What is a Business Owner’s Policy?


One of the most popular insurance forms for small businesses is a BOP, or business owner’s policy. These policies have increased in popularity in recent years. A business owner’s policy is convenient and specifically designed for small or medium sized businesses. Here are some strengths and weaknesses of the business owner’s policy for you to consider when deciding on the type of insurance to get for your business.

Strengths of a BOP

The fundamental strength of a BOP is that it is specifically designed with small businesses in mind. The policy was developed by a professional in a way that makes sense for a typical small or medium sized business, so you don’t have to worry so much about what an appropriate level of coverage would be; it’s already taken care of.

Related: What Insurance Policies are Deductible?

A BOP combines most of the coverages that a small business needs in a reasonably broad, logical bundle. Here are some typical elements of a BOP:

  • Property Insurance, for buildings, equipment, and inventory
  • Business Interruption Insurance, for lost profits when a loss forces you to close your business for a time
  • Casualty or Liability Protection, for damage to people or their property by your employees or products
  • Crime Insurance, for burglaries, robberies, employee theft, and other losses
  • Liability Insurance, for lawsuits from accidents on your property or damages caused by your products

Other major policies that a small business commonly needs that are not in a BOP are workers’ compensation and auto insurance. As a result, it makes the insurance process much simpler, because you’re only buying one plan instead of half a dozen.

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This efficiency creates another strength of BOPs. Because there is only the one plan for the insurance company to underwrite, the BOP can be priced very attractively, with a discounted premium for the package compared to buying each policy individually.

Limitations of BOPs

While there’s a lot to like about BOPs, they aren’t perfect. Every business is different, with different circumstances and different needs. As a result, a one-size-fits-all policy like a BOP won’t work for a business that doesn’t fit into the standard box. The policy is designed for a typical small office oriented toward sales or administration. If you run a high traffic retail store, or perhaps a construction company using heavy equipment, you might need more coverage than a BOP can offer. Determine what level of coverage you need, and talk to your insurance agent about modifying the standard package to include policies that meet your requirements. Also, be aware that a BOP will usually not include forms of disaster coverage, like flood insurance, earthquake insurance, and others. If you want these coverages, you’ll need to buy separate policies.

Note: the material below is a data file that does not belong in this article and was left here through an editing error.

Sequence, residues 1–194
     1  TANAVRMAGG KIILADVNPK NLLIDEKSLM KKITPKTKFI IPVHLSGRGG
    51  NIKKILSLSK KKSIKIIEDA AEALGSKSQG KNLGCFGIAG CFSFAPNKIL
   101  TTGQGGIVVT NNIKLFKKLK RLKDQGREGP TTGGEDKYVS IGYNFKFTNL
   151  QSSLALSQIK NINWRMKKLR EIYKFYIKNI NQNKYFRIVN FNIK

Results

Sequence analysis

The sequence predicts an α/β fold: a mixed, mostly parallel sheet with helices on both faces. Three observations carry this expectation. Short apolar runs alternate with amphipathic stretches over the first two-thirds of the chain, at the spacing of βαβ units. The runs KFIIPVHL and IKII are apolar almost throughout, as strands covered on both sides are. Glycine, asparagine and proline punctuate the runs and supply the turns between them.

Not every business qualifies for a business owner’s policy. Because they are specifically designed for small and medium sized businesses, there are eligibility requirements your business has to meet. Typically, there is a limit on the number of employees your company can have and the amount of sales revenue your company can bring in. Talk to your insurance company to find out if your company meets their qualifications.

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Rebecca Kincaid

Rebecca Kincaid

Rebecca Kincaid is a Chartered Life Underwriter specializing in life insurance for business and estate-planning services. In addition to providing consultative support, she also acts as the Director of Life Sales for Tarkenton Financial, with a background that also includes regional management and sales positions with leading insurance firms such as Parker & Company and Old Mutual Financial Network.